The California Department of Health is warning consumers not to eat oysters from Drakes Bay Oyster Company, because they may contain bacteria that causes serious illness. Drakes Bay Oyster Company is the same business that's been locked in a nasty dispute with the National Park Service over its oyster farm at Point Reyes National Seashore. As the Express has reported, US Senator Dianne Feinstein is a strong backer of the oyster farm and wants the federal government to extend its lease at Drakes Estero in Point Reyes — a move that would be unprecedented because Drakes Estero has been designated by Congress to become the first marine wilderness on the West Coast.
Stories you shouldn’t miss:
1. Occupy protesters shifted their focus to foreclosures yesterday, as demonstrators throughout the nation, including Oakland, helped those who have lost their homes to re-occupy them, the Chron reports. The Occupy Our Homes demonstrations also included protests at banks and foreclosure auctions on the county courthouse steps. So far, the Obama administration’s feeble attempts to help homeowners who are underwater on their mortgages avoid foreclosure have failed.
Show your favorite local bars, clubs, and coffeehouses some love in our second-annual survey, the results of which will be published in a special issue next week. N.B., THERE ARE PRIZES. Specifically, you could win $250 in gift certificates to a handful of local bars — that is approximately one million beers, free of charge, just for you. Polls close tomorrow at noon; scoot on over here to get the proverbial party started.
At last night's city planning commission meeting, Oakland quietly took its first steps toward allowing commercial urban agriculture on private land. Tucked amidst a packed agenda featuring fifteen separate items was a provision to amend the city's Planning Code to allow crop-growing as a home occupation — meaning it would be legal to sell produce grown on private residential land, provided the activity did not result in noise, traffic, or smell nuisances. Three members of the public delivered opinions, all in favor, and the planning commission issued its stamp of approval and moved the item along to city council.
Imagine growing a mushroom from used coffee grounds. Alejandro Velez and Nikhil Arora did just that as Cal undergrads in 2009, experimenting with the procedure in their fraternity house kitchen, and it worked well enough to inspire them to launch a company. Two years later, Back to the Roots’ business selling organic oyster mushroom-growing kits to home consumers is growing quickly, and thanks to a $50,000 grant from MillerCoors, it recently moved from its cramped Emeryville quarters to a 10,000 square-foot warehouse on Adeline Street in West Oakland.
Daniel Patterson’s Oakland outpost, Plum, is the latest local gastronomic darling to turn the attentions of its talented chefs — to say nothing of its sous vide immersion circulators and Pacojets — toward that most maligned of meals: the weekend brunch.
Anthony Bourdain, that curmudgeon of the culinary world, has written that restaurant brunches are “a dumping ground for the odd bits left over from Friday and Saturday nights” and “punishment block for the B-Team cooks.” Fortunately, the Bay Area is chock full of restaurants that fly in the face of that kind of thinking — Canteen in San Francisco and Oakland’s Camino immediately come to mind. And at Plum, where Chef Charlie Parker has been heading up the kitchen since December, the brunch menu is just two weeks old and perhaps a work in progress. But the food, already, verges on magical.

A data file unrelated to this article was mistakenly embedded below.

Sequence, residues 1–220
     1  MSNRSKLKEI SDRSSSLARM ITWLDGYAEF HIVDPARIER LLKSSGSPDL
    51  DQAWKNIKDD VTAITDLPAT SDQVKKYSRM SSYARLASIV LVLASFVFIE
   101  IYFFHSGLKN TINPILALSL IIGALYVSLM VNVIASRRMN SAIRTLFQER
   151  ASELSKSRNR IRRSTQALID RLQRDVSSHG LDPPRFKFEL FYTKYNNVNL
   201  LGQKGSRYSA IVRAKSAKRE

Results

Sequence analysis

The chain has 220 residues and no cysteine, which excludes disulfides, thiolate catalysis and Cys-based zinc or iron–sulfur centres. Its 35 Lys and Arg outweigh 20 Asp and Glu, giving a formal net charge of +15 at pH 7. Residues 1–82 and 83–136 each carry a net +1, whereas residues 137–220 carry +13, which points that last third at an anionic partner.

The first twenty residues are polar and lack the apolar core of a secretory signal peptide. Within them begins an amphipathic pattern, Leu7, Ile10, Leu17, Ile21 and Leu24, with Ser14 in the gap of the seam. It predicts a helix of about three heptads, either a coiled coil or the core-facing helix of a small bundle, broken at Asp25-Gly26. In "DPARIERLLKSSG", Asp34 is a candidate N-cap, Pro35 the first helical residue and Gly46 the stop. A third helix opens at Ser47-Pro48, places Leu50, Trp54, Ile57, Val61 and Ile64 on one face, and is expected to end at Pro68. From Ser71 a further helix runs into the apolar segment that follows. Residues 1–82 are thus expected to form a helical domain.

And is it USDA organic?
East Bay chocolatiers won big at the fifth annual San Francisco Chocolate Salon — but of course they did.
Are classic New York-style delis — for lack of a less ethnic term, "Jewish delis" — going extinct?
Very sad news coming from The Trib this morning: Jesus "Chuy" Campos, a prominent East Bay restaurateur, was shot outside his Oakland business around 5:30 this morning in what looks like an attempted robbery. Campos, who was active in the local business community and who had served as President of the Fruitvale Merchant's Association, had been operating his popular International Avenue "Mexicatessan" since 1986; five years ago, he opened a sister restaurant on Webster Street in Alameda.
“It was always Campos’ dream to have restaurant, not just for himself, but to build a business for his family,” Oakland City Councilman Ignacio De La Fuente told the Trib. “It was an unbelievable story. He went from nothing, not even speaking English, to owning a block. And for it to end this way is just not right. People don’t have any respect for human life. We have to get these people off the street.”
In a statement to the Chron, Mayor Jean Quan praised Campos' involvement in the community. "Mr. Campos was well known for his generosity and will be missed by many. He was very dedicated to our community and attended the Fruitvale merchants meeting just two days ago with the express goal of making the area safer," she said.
According again to Harry Harris at the Trib, Police and Crime Stoppers of Oakland are offering up to $10,000 for information leading to the shooter's arrest. Anyone with information can call police at 510-238-3821 or Crime Stoppers at 510-777-8572 or 510-777-3211.